A Previous Life is unlike anything Edmund White has written, In fact, for the first thirty pages or so, I was sure the work couldn’t be White’s. But then the hallmarks of his style emerged: the easy juggling of plotline intricacies, the multi-character interactions, the trademark allusions to world art, classical composers, opera – White could handily depose Ken Jennings on Jeopardy so vast is his knowledge of culture, politics, history.
At the center of his story: a married couple, Ruggero and Constance, two people very much in love who nevertheless want and need to explore other desires. This opens the door to multiple characters, each a composite drawn from those people White has known, or now knows. White is possessed of sprezzatura, that magic act of inhabiting so fully his characters, their milieus, the reader is easily, instantly drawn to them. For example, with an economy of brush strokes, White paints an indelible portrait of Ruggero’s grandfather; I will remember this fellow for years to come. There are unafraid depictions of the first stirrings of male-male adolescent lust, a lust never to be recaptured, the way a kid’s first Christmas morning or the first springtimes of our lives can never be recaptured no matter how hard we try. Yet White recaptures them in sentences so exquisitely executed, they shimmer like the first rush of blood from a fresh wound.
White is a magician at encapsulating complex emotions in a brief sentence or two: “We were as formal as strangers at a funeral, mourners who’ve heard of one another but never met, our grief all that we shared…”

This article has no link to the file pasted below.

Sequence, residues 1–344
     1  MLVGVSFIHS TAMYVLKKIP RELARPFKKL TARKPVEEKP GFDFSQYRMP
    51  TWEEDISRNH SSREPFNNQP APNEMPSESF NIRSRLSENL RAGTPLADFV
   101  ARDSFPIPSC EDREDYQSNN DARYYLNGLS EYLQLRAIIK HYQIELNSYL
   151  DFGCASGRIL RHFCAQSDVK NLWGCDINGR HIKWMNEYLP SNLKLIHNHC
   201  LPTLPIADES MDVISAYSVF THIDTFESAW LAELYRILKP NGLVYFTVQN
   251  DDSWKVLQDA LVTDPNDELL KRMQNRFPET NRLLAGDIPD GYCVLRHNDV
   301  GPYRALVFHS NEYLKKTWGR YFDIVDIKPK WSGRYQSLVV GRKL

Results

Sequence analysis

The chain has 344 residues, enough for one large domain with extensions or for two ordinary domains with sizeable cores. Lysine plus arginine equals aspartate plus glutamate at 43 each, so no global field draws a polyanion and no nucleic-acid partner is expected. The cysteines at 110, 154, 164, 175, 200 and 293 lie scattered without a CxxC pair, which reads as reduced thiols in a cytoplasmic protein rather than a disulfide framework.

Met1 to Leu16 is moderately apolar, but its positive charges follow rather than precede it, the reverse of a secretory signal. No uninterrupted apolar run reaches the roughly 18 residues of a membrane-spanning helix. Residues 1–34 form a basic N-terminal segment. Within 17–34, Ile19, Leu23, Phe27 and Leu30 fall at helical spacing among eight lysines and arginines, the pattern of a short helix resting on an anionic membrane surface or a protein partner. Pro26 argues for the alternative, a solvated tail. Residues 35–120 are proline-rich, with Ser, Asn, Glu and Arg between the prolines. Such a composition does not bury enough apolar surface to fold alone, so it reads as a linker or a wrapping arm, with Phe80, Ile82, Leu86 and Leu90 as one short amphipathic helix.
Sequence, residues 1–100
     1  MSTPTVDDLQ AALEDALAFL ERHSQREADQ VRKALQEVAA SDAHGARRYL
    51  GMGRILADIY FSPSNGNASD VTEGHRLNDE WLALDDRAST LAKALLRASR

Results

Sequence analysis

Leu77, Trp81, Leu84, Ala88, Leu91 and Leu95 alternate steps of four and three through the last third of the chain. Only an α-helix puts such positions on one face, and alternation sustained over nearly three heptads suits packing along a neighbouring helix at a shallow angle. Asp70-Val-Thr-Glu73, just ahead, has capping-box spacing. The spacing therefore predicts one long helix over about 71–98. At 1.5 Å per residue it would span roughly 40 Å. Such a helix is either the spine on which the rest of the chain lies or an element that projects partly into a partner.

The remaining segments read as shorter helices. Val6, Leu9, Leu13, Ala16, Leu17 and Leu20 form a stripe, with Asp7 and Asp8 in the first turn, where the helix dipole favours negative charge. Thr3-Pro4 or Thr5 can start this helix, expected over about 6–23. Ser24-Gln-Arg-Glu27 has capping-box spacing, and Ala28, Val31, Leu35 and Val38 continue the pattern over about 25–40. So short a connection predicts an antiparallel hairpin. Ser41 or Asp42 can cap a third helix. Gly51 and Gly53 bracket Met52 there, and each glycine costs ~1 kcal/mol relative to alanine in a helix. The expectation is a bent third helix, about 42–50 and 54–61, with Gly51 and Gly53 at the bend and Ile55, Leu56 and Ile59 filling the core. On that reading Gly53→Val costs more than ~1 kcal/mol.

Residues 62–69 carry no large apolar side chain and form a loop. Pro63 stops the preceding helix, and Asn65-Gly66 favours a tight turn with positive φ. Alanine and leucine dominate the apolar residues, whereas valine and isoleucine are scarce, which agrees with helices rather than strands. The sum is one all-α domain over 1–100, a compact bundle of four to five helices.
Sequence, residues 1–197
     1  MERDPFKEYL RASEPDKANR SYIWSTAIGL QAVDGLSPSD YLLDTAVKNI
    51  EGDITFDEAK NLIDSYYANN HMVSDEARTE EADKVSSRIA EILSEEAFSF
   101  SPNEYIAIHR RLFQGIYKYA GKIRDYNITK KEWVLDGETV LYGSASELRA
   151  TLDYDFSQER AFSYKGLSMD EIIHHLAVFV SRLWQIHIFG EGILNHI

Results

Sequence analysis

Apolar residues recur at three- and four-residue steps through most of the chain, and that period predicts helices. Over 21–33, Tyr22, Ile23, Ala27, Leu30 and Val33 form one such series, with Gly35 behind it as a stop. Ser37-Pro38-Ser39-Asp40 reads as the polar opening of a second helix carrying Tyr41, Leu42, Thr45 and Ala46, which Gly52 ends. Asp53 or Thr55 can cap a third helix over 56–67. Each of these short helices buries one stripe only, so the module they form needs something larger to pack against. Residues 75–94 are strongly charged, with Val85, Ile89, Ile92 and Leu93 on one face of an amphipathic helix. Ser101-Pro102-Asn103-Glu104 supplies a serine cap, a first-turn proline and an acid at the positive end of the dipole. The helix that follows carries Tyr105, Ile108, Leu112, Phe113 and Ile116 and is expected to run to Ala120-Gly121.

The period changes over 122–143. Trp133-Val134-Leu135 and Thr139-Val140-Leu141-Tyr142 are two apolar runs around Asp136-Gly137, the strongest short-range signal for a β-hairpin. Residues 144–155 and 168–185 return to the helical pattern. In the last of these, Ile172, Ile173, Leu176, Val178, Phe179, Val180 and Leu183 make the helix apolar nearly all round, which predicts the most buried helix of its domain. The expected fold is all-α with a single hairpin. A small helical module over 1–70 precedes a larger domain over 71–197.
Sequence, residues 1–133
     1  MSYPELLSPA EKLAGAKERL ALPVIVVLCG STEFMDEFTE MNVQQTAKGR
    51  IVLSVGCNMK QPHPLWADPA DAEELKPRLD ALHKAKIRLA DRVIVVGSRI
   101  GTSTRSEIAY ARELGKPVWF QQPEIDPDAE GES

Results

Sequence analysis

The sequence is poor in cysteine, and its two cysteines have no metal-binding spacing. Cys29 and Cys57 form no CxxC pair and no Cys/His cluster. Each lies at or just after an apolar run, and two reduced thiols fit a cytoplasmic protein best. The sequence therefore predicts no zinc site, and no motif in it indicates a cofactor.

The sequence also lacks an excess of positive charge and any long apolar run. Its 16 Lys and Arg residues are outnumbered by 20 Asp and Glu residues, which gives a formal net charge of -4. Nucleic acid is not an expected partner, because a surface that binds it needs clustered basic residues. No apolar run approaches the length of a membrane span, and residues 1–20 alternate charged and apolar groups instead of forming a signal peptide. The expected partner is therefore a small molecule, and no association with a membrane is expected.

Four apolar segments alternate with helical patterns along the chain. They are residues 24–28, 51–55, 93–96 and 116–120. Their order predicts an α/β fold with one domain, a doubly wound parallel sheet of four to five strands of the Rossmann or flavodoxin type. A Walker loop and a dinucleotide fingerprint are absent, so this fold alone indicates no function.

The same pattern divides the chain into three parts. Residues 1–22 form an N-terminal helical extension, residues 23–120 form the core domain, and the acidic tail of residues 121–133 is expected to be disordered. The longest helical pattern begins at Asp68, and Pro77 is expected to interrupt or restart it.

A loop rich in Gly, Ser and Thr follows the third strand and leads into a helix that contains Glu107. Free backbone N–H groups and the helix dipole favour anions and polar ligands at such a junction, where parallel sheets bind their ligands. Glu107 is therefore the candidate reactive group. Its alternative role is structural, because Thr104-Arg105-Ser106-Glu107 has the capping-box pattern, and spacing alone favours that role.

In White’s examinations of the various forms love can take, gender is fluid; sexuality, more fluid. In fact, gender goes the way of the wind as characters dive in and out of their desires: hurting, forgiving, hurting, forgiving, learning, understanding, not understanding, in an endless roundelay of sexual exploration. White has never been shy about tossing a paragraph or more of pornography into his literature; he knows sex can get messy. For what does most love become but a happy ascension into utter degeneracy?
White even incorporates himself as a character in his book. In lesser hands than his, this could have been a crashing conceit. In this master writer’s hands, it is playful, mischievous, epiphanal. Bravo!
With A Previous Life, the author has bottled the genie of that most elusive of literary forms, the dual memoir, a splendid, refreshing, freewheeling elixir. This treatise on love and lust, on the limitations society imposes on the aged, the limitations we, the aged, impose on ourselves, celebrates aging’s refusal to let go of the rope of love though the rope is beginning to tatter. The book is racily articulate, intimately sophisticated and knowing, fully actualized, its architecture sound, superb even, its themes timeless. It goes down easy; I stayed drunk on its many pleasures for days.
A Previous Life
by Edmund White
Bloomsbury Press; 288 pages